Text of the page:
The question of emotional intelligence for a khateeb is one of relevance. How does someone get up, address a diverse congregation, and leave them with a relevant and practical message?
Our congregations are diverse in demographics - male, female, old, young, varying levels of education, white collar, blue collar, professionals, entrepreneurs, parents, children, immigrants, different ethnicities, people who speak English as a first language, people who speak English as a 2nd or 3rd language, and much more.
Congregations vary in psychographics and levels of religiosity. You have people who come to the masjid regularly, and people who may be attending for the first time in years. Some attendees are firm in their faith, and some attendees may be questioning their faith. You have people coming to the khutbah with different expectations in terms of how the message will serve them or the community.
It is not possible to speak to everyone, and yet that is the demand on the Friday khutbah.
“We have never sent a messenger who did not use his own people's language to make things clear for them. But still God leaves whoever He will to stray, and guides whoever He will: He is the Almighty, the All Wise (14:4).”
Allah (swt) sent His Messengers with the ability to communicate the message clearly. It would be implausible for them to be sent without this ability - as people would then have an excuse to avoid accountability in following the messenger.
“God knows well what is in the hearts of these people, so ignore what they say, instruct them, and speak to them about themselves using penetrating words (4:63).”
The khateeb must deliver a message that resonates and connects with the audience.
Doing this goes far beyond merely speaking the language of the people. It means truly understanding the psychology and emotions of the people. The khateeb must remove any barriers that will keep his words from penetrating the hearts of the congregation.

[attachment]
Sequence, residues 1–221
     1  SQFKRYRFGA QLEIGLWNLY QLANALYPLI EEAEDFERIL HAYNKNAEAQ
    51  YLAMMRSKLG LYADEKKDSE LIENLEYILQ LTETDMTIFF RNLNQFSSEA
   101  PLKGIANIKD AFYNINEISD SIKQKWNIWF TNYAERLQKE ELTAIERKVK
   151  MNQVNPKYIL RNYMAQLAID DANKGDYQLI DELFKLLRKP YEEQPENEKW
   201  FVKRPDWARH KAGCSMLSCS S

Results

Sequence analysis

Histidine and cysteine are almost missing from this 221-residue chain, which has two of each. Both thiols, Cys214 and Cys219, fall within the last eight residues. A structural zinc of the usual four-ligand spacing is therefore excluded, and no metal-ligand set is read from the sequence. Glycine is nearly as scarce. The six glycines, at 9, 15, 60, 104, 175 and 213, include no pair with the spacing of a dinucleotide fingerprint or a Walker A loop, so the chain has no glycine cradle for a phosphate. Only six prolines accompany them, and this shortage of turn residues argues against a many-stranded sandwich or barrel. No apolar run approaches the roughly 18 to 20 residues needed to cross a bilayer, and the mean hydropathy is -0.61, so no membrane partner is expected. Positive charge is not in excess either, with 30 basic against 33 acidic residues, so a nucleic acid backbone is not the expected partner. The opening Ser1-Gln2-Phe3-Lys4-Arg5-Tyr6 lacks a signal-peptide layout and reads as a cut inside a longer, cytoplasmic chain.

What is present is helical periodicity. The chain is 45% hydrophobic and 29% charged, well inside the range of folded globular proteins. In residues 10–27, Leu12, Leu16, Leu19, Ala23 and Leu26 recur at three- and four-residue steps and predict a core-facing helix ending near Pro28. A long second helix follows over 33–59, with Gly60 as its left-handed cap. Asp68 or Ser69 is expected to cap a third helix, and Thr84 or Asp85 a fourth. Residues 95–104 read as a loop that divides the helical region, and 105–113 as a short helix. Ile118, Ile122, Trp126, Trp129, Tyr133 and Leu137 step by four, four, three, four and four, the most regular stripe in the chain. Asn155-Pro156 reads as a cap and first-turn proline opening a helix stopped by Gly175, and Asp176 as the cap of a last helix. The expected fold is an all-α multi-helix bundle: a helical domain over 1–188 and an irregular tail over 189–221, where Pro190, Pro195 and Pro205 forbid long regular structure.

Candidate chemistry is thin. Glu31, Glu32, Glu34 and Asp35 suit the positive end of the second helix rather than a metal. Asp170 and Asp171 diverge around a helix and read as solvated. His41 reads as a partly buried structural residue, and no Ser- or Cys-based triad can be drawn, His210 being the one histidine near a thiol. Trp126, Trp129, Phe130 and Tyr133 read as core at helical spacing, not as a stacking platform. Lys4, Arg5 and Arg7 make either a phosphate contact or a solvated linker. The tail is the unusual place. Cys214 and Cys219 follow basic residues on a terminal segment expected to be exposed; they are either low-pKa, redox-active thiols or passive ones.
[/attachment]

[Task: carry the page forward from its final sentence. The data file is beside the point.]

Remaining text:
“By an act of mercy from God, you [Prophet] were gentle in your dealings with them—had you been harsh, or hard-hearted, they would have dispersed and left you—so pardon them and ask forgiveness for them. Consult with them about matters, then, when you have decided on a course of action, put your trust in God: God loves those who put their trust in Him (3:159)."
This ayah teaches an unbelievably critical leadership lesson for khateebs. The goal is not to deliver the message. The goal is for the listener to accept your message.
If you cannot find a way to make people receptive to your message, then talk to them and get to know them. Find a way to understand what drives and motivates them. You must know precisely what the hopes, fears, and dreams of the congregation are.
The Prophet (s) had to be aware of what would push people away or create cognitive and emotional barriers to the receptivity of his message.
He (s) said, "Make things easy for the people, and do not make it difficult for them, and make them calm (with glad tidings) and do not repulse them (Bukhari).
Musa (as) was tasked with delivering a message to the tyrant Fir' awn. He was concerned that his speech would be an impediment to Fir' awn receiving the message, so he made dua to Allah - "Untie my tongue, so that they may understand my words (20:27-28)" - for assistance with it.
One trap that some people fall into is that they use pop culture references to bridge the gap of relevancy between themselves and their audience.
To be from among the people and speak their language does not mean you have to be up to date on the most popular Netflix shows. Instead of pop culture references, provide references to how people live and what their day to day human struggles. This requires dedicating yourself to understanding the human condition, especially as it pertains to their efforts in coming closer to Allah (swt).
“There has certainly come to you a Messenger from among yourselves. Grievous to him is what you suffer; [he is] concerned over you and to the believers is kind and merciful (9:128).”
The example of the Prophet (s) is that he was deeply invested in the lives of those around him. He was invested in understanding what pained them, empathizing with that pain, and speaking to it in a meaningful way.
The khutbahs delivered from our pulpits must carry the same spirit delivering a beneficial message, removing the barriers to its acceptance, and conveying it with genuine care and concern for those listening.